assistance with your bail bond inquiries.
☙ Can There Be More Than One Surety for a Personal in Jail?
Yes; sometimes courts will mandate multiple sureties for a person in jail. This usually happens if the case is a very serious one, or if the courts determine that the defendant requires more adequate supervision. Acting as a surety in a multi-surety arrangement simply means that you, as well as the others, will be fully responsible for the monetary consequences in the case that the defendant does not appear for court. Each party with sign the bail bond agreement contract, and hold equal liability.
☙ If I Am Acting as My Own Surety, What Do I Need?
To act as your own surety is not uncommon, especially when defendants are surrendering to an arrest warrant. All you need to bring with you to court is your legal photo identification and proof of address. Having proof of address is especially important if your address on your photo I.D. differ from your mailing address. Although not necessary, it can also be helpful to have current bank statements (as far back as 3 months), employment records, and possibly proof of property ownership (i.e. car title, house deed, etc.). This shows a court that you have the assets to back up the bond amount.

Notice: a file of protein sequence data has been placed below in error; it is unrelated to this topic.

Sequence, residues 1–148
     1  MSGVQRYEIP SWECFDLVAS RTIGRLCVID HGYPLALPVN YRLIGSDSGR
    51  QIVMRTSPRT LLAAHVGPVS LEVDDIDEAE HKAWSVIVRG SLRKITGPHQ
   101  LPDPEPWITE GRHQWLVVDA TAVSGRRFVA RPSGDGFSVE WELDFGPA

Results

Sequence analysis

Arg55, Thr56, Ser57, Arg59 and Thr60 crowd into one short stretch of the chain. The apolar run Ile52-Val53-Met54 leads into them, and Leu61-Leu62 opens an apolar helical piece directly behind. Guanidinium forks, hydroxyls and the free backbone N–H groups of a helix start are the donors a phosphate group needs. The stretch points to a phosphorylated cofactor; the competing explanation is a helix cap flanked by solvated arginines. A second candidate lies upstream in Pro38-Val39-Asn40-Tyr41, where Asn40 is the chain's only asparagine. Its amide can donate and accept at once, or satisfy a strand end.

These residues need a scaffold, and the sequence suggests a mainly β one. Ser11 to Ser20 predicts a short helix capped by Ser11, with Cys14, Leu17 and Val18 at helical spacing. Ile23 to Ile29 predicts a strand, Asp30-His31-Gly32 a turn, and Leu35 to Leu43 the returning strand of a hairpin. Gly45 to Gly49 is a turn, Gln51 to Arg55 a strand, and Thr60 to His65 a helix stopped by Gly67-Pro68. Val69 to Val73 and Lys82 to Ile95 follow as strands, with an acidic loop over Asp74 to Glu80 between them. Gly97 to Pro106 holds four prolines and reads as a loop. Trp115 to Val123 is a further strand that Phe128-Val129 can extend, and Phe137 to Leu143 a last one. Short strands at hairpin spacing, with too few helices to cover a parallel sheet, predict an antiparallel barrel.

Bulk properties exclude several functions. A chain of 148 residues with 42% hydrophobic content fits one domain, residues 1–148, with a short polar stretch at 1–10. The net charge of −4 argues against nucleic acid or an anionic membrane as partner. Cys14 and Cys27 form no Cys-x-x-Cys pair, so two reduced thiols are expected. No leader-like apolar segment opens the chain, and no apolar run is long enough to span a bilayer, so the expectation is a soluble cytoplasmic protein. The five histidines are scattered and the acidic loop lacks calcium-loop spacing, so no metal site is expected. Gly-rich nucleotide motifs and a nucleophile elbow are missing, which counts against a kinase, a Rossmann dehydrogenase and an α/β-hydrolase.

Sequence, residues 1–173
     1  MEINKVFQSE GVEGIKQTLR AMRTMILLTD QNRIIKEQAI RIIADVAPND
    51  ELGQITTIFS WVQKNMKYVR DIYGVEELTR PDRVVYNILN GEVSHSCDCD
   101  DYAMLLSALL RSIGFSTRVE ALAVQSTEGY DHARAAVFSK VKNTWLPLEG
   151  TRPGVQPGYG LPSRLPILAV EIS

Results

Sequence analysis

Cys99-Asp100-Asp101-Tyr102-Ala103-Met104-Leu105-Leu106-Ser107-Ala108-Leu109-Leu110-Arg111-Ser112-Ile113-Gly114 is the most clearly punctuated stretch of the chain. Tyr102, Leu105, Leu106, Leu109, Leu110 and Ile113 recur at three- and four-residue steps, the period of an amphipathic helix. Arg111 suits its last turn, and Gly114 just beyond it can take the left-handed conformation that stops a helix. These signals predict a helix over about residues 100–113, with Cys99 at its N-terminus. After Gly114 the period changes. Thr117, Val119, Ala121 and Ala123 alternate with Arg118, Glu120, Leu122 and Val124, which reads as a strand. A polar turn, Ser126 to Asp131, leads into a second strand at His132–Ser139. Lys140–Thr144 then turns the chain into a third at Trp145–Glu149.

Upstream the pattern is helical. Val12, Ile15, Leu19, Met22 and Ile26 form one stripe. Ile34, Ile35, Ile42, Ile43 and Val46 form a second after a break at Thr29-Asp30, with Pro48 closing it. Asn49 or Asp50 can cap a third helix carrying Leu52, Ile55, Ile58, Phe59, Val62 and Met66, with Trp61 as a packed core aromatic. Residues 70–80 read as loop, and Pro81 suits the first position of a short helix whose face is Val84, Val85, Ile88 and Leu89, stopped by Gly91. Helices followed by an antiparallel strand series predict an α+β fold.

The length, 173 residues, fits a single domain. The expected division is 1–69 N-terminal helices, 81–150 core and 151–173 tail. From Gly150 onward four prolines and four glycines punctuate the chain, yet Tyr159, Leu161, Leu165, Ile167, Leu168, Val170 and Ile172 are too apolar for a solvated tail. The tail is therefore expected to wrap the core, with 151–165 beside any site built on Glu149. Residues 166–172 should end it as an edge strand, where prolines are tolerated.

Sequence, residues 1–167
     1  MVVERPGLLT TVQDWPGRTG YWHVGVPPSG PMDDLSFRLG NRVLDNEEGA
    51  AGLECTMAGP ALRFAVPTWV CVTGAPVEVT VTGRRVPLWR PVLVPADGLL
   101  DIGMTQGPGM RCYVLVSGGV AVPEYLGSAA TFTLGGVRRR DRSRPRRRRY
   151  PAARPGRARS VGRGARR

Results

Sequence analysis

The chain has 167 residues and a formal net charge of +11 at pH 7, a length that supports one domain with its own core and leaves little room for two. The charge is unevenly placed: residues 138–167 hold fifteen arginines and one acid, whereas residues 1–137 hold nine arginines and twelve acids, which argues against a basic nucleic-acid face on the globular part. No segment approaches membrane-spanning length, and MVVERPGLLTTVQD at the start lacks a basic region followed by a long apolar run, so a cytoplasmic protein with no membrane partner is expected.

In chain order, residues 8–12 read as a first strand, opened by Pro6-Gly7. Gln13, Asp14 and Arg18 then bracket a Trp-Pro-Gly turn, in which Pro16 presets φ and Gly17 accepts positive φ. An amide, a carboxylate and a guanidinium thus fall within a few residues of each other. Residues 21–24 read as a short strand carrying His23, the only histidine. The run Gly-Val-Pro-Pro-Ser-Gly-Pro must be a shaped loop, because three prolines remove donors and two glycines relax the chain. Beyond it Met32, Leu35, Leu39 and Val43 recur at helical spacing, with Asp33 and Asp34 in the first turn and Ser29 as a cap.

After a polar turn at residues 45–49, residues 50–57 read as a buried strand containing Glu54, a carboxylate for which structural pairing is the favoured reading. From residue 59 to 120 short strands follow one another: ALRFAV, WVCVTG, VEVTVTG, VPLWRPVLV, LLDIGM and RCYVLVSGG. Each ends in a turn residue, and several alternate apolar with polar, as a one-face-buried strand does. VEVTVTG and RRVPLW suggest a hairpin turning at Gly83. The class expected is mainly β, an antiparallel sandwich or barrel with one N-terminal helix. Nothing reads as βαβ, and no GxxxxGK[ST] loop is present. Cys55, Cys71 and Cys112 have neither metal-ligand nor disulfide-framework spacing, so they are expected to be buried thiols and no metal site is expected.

☙ Can I Be a Surety For More Than One Person at the Same Time?
This is usually frowned upon, and rarely approved by the court. That is because it is necessary to provide adequate supervision for a person who is out on bail and awaiting trial. Supervising more than one person is considered “spreading oneself too thin” since your attention is being demanding by two separate people, simultaneously.
☙ Does a Person Have to Have a Surety to Be Released From Jail?
A person in jail does not always need to have a surety to get out of jail, and for a couple different reasons. For instance, a defendant may not be granted bail by the court, and instead, must wait in jail until their trail hearing. In another situation, a person may act as their own surety and post their own bond. They can do this by hiring a bail bond company on their own, or paying their total bond amount in cash at the jail.